American Aquarium's BJ Barham on making art about the 'pretty desperate hole' of economic disaster
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By Chip Chandler — Digital Content Producer
BJ Barham grew up in North Carolina, but to hear him talk about the economic despair his neighbors are facing, he could have grown up just down the road a piece in the Texas Panhandle.
"Everywhere you go, there's a for sale sign in the windows," Barham said of his home in Reidsville, N.C.
He's talking about the economic blight caused by the departure of textile and tobacco industries in the Rockingham County town, but he could just as easily be talking about the despair felt when the oil jacks stop pumping in towns like Perryton.
"It's not just Reidsville or Rockingham County. It's most of the U.S.," Barham said. "I wanted to write songs about the disenfranchised Americans, kind of almost the Broken American record ... (about) the desperation, the despair, but also about the amount of love and support (people in) those communities have for one another."
The result is Barham's first solo album, Rockingham, due out in August.
The singer stressed that this doesn't mean he's leaving American Aquarium, the Americana band he has fronted since its founding in 2006. He's still fully committed to the band, which will return to Amarillo for a 10 p.m. Sunday show at Hoots Pub, 2424 Hobbs Road. Texas act Blue Water Highway Band will open. Cover is $15 in advance and $20 day of show.
"It's just a branch off the tree," Barham said of the upcoming album. "It's a group of songs that are very, very close to me. ... American Aquarium is a big ol' rock 'n' roll band; these songs just didn't fall into that category.
"The boys have been so supportive of me doing a solo album," he said, and soon, they'll begin work on their latest.
"Rockingham," BJ Barham
Barham has tried before to write a solo project, but either the time constraints on getting a new album for the full band out or his own personal struggles with sobriety (he's been clean and sober for two years now) have robbed him of time.
"I let a lot of my demons get in the way," he said. "It's amazing what being clearheaded for two years will do for your life.
"Now, I wrote all these songs as a group. I have nine, and I want to make sure they get out," Barham said.
The album was written in November, when the band — who was scheduled to play in Belgium — was stuck for a couple of days in Holland after the terrorist attacks on Paris that month.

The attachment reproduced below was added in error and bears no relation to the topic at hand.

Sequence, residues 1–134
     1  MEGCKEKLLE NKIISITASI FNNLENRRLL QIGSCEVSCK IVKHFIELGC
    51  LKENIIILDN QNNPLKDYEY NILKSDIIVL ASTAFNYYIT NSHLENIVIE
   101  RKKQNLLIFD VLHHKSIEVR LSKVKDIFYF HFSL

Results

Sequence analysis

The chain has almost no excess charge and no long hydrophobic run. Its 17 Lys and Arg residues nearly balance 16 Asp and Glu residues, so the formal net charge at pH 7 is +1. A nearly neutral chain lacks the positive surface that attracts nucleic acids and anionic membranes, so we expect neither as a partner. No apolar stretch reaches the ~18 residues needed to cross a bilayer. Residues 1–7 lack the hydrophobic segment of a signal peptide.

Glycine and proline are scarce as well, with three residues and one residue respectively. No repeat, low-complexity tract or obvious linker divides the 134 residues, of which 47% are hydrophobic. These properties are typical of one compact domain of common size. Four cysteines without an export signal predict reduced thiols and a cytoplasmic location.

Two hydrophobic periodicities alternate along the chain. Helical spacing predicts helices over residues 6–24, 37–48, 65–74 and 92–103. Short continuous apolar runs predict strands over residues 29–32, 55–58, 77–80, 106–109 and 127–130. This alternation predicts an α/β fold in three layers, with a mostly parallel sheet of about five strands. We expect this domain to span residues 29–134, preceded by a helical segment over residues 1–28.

"We made it across the Dutch border before it shut down, and we had two days off," Barham said.
In late January, he went into the studio for two days with producer Brad Cook, who previously produced the band's album Wolves, and inside a week, he had a finished album.
"It was a very quick process," Barham said.
Rockingham is Barham's "first endeavor into narrative fictional songwriting," he said.
The album will depict "an amalgamation of characters I've met over the years, one character out of the people I grew up with," he said.
And it's a personal project.
"Tobacco has always been the North Carolina crop. ... My great-grandfather was in tobacco. My grandfather, my dad farmed tobacco. As a teenager, I grew up in the fields," he said.
But when American Tobacco Co. packed up and moved out of Reidsville near the turn of the century, the small town was hit hard, Barham said.
"Cigarettes — one of the biggest things in the world — couldn't keep our town alive," he said.
"Losing Side of Twenty-Five," American Aquarium
It's the same situation he sees when American Aquarium crosses the country on tour.
"In Texas, you see it a lot. In Oklahoma, you see it a lot," Barham said. "It's a shi--y situation to be in."
Barham said he's not being overtly political on the album or even posing answers.
"I don't know of a solution. This is just me as a songwriter," he said.
The album "goes from upbeat and having a sense of humor about the situation to being really bleak and despairing and dark," he said. "I want people to be able to laugh at the situation but also take a long, hard look and realize it's facing a lot of Americans.
"It's a pretty desperate hole to be looking down if you're in that situation."
"Southern Sadness," American Aquarium
And he's hoping the album serves as a reminder that folks in such dire straits shouldn't have to go it alone.
"I'm writing the record about what happens when we forget about where we came from, when we forget about taking care of each other, forget about community," he said.
"People bust their a-- for 12 hours a day, and they don't know what they're going to do next week," he said. "That's a shi--y situation. That's the situation I want to write about.
"I'm not saying I'm Springsteen or anything, but this is what I know."
And what he knows, he said, is that "there are some people who work their entire life at minimum wage and can't make it."
"That's bad," he continued. "A lot of people want to paint it over (and say) man, if you work hard, you can do whatever. No, you can't. ... If you work 50 hours a week and can't make it, that's bad.
"That's not the American dream. That's not what my grandfather preached on."
"Man I'm Supposed to Be," American Aquarium